Thank you for submitting this cool story – Trackback from progg.ru…

  3. stefanolson says:

    Karl,

    Thanks for this post. Very helpful. Yesterday I had discovered that trying to use a project reference causes the debugger to hang.

    Can you explain why a project reference isn’t possible? How do we deal with situations where you do a release build and a debug build and it’s not going to switch between the correct files?

    …Stefan

    • Stefan,

      Yes, a project reference will cause problems. The reason you can’t use it this way, is that it brings in the referenced assembly into the other assembly.

      When you do a file reference nothing is brought in except for exactly what you ask for which is why this works.

      Release/Debug. If the “shared.dll” is in release mode, the simple set a file reference to that file located in the \bin\release.

      This code sharing can take some additional management you’ve not had to deal with before.

      If find that once my “shared.dll” is in release mode, I put it in a common folder with all my other “shared.dll’s” and reference them from that folder.

      Does this help?

      Cheers,

      Karl

  4. […] Silverlight 3 & 4 Library Sharing with .NET 4.0 Library or WPF (Karl Shifflett) […]

  5. […] This post was Twitted by adkinn […]

  6. stefanolson says:

    Karl,

    Thanks for your reply. I’m not quite sure what you mean that it brings the referenced assembly into the other assembly if you’re using a project reference? If I add an assembly to my project as a project reference, when I build, I still get two separate assemblies.

    Whilst I can understand that the tooling may not be there for this feature right away, I do hope that it does become much simpler to implement. It seems like a lot of additional work. I always use project references, which makes the management easier – Visual Studio does all the work for me.

    …Stefan

  7. jdj5a says:

    Karl,

    Please fill us in on what you meant by “it brings in the referenced assembly into the other assembly”. I can’t figure out how to make sense of that, or why the project reference doesn’t work.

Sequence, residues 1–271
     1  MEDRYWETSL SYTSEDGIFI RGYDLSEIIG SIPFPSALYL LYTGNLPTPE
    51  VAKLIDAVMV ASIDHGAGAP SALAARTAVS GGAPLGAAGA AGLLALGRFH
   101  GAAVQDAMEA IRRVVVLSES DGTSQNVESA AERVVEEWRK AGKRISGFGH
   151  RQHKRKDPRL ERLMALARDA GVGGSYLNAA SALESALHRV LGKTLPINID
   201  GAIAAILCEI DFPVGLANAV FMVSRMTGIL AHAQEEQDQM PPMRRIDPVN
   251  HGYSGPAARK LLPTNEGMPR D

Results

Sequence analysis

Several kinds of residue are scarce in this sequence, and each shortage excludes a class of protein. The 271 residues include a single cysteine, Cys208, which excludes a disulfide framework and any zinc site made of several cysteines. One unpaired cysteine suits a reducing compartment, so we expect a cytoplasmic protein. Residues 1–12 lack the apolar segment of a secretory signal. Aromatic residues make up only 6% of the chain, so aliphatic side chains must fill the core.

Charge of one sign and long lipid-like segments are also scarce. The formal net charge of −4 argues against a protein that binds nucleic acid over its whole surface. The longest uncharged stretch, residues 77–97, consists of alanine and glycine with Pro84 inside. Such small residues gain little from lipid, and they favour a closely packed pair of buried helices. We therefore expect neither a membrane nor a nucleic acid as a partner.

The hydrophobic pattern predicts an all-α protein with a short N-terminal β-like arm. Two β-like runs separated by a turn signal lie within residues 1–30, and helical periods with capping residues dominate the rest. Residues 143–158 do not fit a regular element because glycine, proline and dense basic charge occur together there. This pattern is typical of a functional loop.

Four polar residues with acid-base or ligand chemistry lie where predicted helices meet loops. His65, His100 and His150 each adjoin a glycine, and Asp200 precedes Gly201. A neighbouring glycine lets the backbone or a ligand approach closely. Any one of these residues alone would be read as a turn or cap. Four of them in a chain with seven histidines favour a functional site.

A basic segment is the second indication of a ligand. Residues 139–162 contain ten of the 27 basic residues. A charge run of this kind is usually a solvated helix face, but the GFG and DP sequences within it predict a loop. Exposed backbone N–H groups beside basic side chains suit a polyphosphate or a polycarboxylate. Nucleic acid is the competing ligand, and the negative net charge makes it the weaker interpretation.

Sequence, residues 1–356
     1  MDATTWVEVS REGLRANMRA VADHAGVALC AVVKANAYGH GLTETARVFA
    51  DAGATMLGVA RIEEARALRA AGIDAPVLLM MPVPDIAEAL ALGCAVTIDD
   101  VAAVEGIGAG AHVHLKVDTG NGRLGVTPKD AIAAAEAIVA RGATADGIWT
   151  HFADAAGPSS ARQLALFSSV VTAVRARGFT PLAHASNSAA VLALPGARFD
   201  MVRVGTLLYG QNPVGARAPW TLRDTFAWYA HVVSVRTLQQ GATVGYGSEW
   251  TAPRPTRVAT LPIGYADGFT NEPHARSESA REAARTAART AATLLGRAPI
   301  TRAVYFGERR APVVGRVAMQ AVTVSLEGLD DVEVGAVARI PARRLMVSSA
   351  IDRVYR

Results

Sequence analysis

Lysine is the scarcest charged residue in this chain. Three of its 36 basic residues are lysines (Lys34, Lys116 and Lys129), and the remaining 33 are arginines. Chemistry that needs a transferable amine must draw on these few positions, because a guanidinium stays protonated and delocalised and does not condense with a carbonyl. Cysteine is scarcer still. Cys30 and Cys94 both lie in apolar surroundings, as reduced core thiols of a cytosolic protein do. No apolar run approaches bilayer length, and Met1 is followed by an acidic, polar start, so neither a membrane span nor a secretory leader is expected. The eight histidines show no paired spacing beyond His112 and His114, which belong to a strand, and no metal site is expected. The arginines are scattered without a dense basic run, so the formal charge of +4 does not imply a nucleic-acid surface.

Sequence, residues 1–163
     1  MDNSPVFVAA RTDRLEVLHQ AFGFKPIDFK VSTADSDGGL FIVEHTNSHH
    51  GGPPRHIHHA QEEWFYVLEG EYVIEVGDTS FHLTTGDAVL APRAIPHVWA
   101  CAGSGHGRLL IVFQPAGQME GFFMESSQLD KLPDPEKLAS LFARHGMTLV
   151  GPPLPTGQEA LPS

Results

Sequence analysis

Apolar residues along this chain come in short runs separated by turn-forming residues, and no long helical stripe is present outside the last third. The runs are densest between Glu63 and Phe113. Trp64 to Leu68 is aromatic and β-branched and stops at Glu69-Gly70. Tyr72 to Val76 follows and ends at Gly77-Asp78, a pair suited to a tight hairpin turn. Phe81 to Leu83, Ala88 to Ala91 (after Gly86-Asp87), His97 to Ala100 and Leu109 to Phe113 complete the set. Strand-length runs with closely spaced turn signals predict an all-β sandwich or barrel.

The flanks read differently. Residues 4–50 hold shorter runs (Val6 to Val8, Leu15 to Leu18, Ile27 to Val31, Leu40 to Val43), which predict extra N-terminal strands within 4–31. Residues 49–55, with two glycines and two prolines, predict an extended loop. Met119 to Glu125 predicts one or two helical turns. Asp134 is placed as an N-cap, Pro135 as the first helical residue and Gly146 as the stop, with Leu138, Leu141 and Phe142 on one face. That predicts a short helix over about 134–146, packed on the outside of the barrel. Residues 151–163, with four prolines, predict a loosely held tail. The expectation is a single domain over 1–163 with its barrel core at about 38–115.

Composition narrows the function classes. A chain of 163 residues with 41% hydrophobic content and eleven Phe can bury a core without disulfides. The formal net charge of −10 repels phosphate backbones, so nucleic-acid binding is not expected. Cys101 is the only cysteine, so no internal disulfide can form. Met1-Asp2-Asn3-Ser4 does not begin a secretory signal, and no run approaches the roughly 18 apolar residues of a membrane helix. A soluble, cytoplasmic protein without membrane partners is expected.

Yes, I recognize that it doesn’t work, and that it won’t work, but understanding the reason and what’s happening is a huge help. Otherwise, I could stumble into pitfalls that I don’t understand.

    Also, any links to more background on the feature of sharing assemblies between SL and .NET would be very helpful. I remember hearing about this at PDC, but I haven’t been able to find a reference of it (other than your post here).

  8. asesta says:

    Hi Karl,

    Thanks for the informative article. Just curious, where are you placing your object save and update code when you share the assemblies like this? Do you have separate Silverlight and .Net assemblies to handle these functions?

    Al

    • Al,

      Currently, I’m sharing Ocean framework code and business entities because that is the same code I’ve been using the linked files feature for. But you “could” add other code to the mix. I don’t share the viewmodel’s or business/data layer code since Silverlight always makes a call across the wire.

      Give this a look: http://blogs.msdn.com/clrteam/

      Cheers,

      Karl

  9. asesta says:

    Karl,

    Thanks for the response and the article link. I am still a bit curious how everything comes together since I am new to the web/Silverlight world. What do your business and data access layers look like? Do you construct your services to handle each operation for each specific business entity (CRUD)? One service for Customer objects another service for Invoice objects and so on.

    Thanks again for your help,

    Al

    • Al,

      The question of services, endpoints, contracts is one of those “it depends.” It could take a book to property answer this question. For my projects, I have an method for each operation. If you search around the web, you’ll find some examples of using just one endpoint for all operations. When I do this, I have one service for each business layer assembly.

      If you don’t want to deal with this, have a look at RIA Services that ships with the SL4 installer. Lots of examples and walk throughs on the web.

      http://blogs.msdn.com/brada/

      Cheers,

      Karl

  10. […] I have written about Silverlight code sharing in this blog post. […]

  11. […] The driving force behind that change is to ( for Silverlight 4 ) make System.ComponentModel.Composition.dll an assembly that you can reference from code libraries that can be shared to target both the .NET Framework on the desktop and the Silverlight .NET Framework. Very cool! For more on shared assemblies, see here. […]